Andy Warhol’s 2 Long-Term Romantic Partners Reveal a Different Side of the Elusive Artist

Andy Warhol was an icon in his time and continues to be long after his death. The godfather of pop art and original coiner of the phrase “15 minutes of fame,” Warhol managed to garner far more than his 15 minutes after taking the art and fashion worlds by storm and becoming a mainstay at Studio 54. There, he rubbed elbows with the likes of David Bowie, Dolly Parton, and Calvin Klein.

Because of Warhol’s meticulous curation of his public image, his personal life remained more of a mystery. However, his two long-term romantic partners, Jed Johnson and Jon Gould, saw a side of him the rest of the world didn’t. Thanks to Netflix’s The Andy Warhol Diaries, the world now has insights into the artist’s relationships and sexuality.

Viewers are buzzing about Netflix’s The Andy Warhol Diaries

A legend in his own right, iconic show creator Ryan Murphy conceived of the six-episode Netflix miniseries. He hoped to reveal a side of Warhol that fans might not yet be familiar. The series, based on Warhol’s own writings as presented in the titular 1989 book, employs an uncanny AI recreation of Warhol’s own voice as narrator. This personal touch helps the artist’s presence loom large.

The series features prominent people in Warhol’s life discussing their memories of the artist. Featured interviewees include Debbie Harry of Blondie, filmmaker John Waters, and art dealer Larry Gagosian. It is an insightful and unique peer through the looking glass into Warhol’s private life. 

Warhol’s public persona didn’t match his private life

As The Art Newspaper notes, Warhol tended to cultivate a public persona that was asexual, or at least celibate. Despite his often sexually-charged art, playing at celibacy was a way of divorcing his private life from his public image.

Some art historians suspect that part of his reluctance to be open about the queer romances that characterized his personal life had to do with his devotion to his Catholic faith. Some fans may be surprised to learn that Catholicism was such a big part of the Pittsburgh native’s life.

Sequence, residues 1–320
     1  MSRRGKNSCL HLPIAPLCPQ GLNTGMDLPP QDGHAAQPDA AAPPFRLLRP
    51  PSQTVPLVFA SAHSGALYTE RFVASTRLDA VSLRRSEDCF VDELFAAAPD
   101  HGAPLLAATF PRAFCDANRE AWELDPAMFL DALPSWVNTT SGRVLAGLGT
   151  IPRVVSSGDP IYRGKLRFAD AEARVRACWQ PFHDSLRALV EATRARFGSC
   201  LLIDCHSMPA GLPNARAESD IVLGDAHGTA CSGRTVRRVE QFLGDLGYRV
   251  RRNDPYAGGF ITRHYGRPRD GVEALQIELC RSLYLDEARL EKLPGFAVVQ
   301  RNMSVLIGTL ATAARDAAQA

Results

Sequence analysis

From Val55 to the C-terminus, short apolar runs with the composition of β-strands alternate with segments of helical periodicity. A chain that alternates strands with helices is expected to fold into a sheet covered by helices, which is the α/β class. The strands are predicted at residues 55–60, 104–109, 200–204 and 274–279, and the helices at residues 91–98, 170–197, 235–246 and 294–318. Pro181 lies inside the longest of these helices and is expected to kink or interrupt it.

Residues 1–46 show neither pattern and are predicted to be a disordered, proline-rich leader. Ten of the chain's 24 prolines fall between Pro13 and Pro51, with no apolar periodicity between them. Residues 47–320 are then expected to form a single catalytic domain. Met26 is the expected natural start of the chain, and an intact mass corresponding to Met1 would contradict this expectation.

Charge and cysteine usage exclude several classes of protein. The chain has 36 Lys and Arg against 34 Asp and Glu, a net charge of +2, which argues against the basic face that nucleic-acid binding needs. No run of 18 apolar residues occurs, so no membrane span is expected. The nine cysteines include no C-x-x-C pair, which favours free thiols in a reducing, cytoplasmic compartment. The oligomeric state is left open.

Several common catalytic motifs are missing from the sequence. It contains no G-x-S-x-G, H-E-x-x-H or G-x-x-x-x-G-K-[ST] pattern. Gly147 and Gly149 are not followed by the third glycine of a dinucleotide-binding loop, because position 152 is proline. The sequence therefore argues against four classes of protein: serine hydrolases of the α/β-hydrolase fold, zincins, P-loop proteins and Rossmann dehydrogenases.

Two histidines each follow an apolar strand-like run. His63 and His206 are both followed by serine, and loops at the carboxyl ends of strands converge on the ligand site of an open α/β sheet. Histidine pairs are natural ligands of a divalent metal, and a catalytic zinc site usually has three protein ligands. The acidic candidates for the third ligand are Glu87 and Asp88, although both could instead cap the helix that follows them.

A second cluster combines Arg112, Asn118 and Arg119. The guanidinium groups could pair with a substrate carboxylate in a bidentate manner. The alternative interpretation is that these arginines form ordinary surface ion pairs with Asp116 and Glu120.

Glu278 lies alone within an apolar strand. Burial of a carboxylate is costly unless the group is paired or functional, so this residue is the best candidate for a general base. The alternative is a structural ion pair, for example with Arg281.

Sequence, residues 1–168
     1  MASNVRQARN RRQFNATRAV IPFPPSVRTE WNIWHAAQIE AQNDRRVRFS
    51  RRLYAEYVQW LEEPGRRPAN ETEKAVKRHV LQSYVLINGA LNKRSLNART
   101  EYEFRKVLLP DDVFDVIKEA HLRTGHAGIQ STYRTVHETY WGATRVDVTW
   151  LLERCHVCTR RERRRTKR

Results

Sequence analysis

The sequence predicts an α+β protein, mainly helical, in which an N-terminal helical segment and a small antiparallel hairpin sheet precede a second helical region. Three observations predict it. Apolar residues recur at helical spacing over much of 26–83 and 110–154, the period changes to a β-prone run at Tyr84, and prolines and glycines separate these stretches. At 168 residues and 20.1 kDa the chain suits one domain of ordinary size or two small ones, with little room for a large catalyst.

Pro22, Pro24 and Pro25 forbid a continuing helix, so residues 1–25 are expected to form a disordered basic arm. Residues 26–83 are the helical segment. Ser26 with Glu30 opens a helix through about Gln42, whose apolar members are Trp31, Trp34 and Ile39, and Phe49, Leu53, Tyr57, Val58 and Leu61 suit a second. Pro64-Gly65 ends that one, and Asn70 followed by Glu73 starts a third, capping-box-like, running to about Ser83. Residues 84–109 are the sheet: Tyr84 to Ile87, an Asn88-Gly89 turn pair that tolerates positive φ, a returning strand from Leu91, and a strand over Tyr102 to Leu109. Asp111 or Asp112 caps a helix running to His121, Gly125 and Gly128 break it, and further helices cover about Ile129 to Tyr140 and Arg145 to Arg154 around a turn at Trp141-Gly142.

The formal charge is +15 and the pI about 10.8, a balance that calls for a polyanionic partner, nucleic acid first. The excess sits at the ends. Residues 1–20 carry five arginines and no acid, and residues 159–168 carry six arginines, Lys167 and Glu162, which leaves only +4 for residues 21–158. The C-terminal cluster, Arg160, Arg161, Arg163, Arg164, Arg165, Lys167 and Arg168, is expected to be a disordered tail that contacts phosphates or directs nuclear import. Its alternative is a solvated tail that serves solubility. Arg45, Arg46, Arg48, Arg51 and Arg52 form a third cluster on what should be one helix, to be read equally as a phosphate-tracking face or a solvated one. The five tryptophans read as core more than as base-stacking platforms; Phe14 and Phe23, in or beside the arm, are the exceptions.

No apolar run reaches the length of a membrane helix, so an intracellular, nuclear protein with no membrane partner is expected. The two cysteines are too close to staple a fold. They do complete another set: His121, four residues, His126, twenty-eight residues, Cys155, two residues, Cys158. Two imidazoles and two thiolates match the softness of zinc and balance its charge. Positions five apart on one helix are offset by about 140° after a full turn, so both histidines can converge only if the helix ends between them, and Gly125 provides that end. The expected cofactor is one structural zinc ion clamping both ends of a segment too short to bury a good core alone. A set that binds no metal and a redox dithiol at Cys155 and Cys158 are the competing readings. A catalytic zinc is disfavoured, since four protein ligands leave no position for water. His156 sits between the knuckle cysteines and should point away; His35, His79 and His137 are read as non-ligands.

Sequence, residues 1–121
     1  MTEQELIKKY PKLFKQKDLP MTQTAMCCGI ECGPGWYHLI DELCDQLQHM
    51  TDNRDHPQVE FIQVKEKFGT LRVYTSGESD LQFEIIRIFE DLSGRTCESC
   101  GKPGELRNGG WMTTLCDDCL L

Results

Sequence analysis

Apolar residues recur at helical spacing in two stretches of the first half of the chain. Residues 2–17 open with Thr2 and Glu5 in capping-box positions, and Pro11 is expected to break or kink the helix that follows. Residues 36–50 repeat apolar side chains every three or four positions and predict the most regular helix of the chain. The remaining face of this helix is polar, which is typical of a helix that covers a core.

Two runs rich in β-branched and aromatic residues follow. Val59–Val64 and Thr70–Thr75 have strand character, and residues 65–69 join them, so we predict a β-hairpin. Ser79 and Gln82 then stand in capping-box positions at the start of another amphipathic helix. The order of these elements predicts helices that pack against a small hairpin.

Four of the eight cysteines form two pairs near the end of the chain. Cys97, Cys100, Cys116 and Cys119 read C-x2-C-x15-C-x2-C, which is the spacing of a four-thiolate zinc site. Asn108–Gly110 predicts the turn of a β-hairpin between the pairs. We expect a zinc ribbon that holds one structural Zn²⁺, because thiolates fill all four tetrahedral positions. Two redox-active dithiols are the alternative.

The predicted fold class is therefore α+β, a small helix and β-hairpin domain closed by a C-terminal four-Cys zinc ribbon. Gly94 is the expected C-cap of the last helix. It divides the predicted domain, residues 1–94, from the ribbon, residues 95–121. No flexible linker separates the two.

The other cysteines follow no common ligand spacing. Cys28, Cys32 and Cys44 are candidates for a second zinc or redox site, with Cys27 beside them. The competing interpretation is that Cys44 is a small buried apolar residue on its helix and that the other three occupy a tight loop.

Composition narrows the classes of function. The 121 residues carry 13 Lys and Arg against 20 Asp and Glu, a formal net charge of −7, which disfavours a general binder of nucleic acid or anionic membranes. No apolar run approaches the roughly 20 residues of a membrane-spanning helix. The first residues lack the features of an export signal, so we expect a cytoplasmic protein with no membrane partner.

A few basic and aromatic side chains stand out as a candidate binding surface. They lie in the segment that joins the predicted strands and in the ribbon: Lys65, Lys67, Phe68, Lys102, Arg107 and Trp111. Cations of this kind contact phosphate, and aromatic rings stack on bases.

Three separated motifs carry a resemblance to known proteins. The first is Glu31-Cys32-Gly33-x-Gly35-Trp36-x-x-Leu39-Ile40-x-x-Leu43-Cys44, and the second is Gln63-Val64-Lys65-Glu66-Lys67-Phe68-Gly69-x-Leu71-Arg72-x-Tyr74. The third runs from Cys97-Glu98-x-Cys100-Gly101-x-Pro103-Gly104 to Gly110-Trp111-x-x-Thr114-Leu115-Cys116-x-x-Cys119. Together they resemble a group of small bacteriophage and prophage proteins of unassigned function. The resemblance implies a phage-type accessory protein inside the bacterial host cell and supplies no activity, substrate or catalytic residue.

Furthermore, Warhol was deeply afraid of contracting AIDS. Because the media associated the disease with queer men, he may have de-emphasized his queerness to avoid being suspected of having it. In fact, his fear of the disease went so far that he was known to avoid associating with friends who contracted it.

This, combined with a tendency toward insecurity about himself, likely led him to keep his romantic interests under wraps.

The docuseries reveals Andy Warhol’s two long-term partners: Jed Johnson and Jon Gould

Artist Andy Warhol filming an early scene of 1970's 'Women in Revolt'
Andy Warhol (L) films a movie alongside Jed Johnson (R) | Jack Mitchell/Getty Images

Jed Johnson, an interior designer, was one of Warhol’s longest romantic relationships. As The Guardian notes, the pair met while Johnson was working as a courier and stayed together for 12 years. Eventually, Warhol’s devotion to Studio 54 and “hardcore sex films” drove a wedge between them.

Jon Gould, a film executive at Paramount, was the person Warhol turned to after his relationship with Johnson ended. A bit more focus has historically been given to his relationship with Gould, both because Gould was significantly younger than Warhol and because the artist was more willing to discuss his feelings for Gould publicly.

For instance, Warhol once said, “I should try to fall in love and that’s what I’m doing now with Jon Gould.” This was significant mainly because Gould was not publicly out of the closet. The pair broke up in 1985, shortly after which Gould died of AIDS.

By focusing on the romances Warhol cultivated, as well as his deep friendships, such as the bond he shared with Jean-Michel Basquiat, the series manages to uncover the artist’s further complexities.

RELATED: Dolly Parton Said Andy Warhol Is the ‘Only Person I’ve Ever Met Who’s Weirder Than Me’ and ‘Dressed Worse’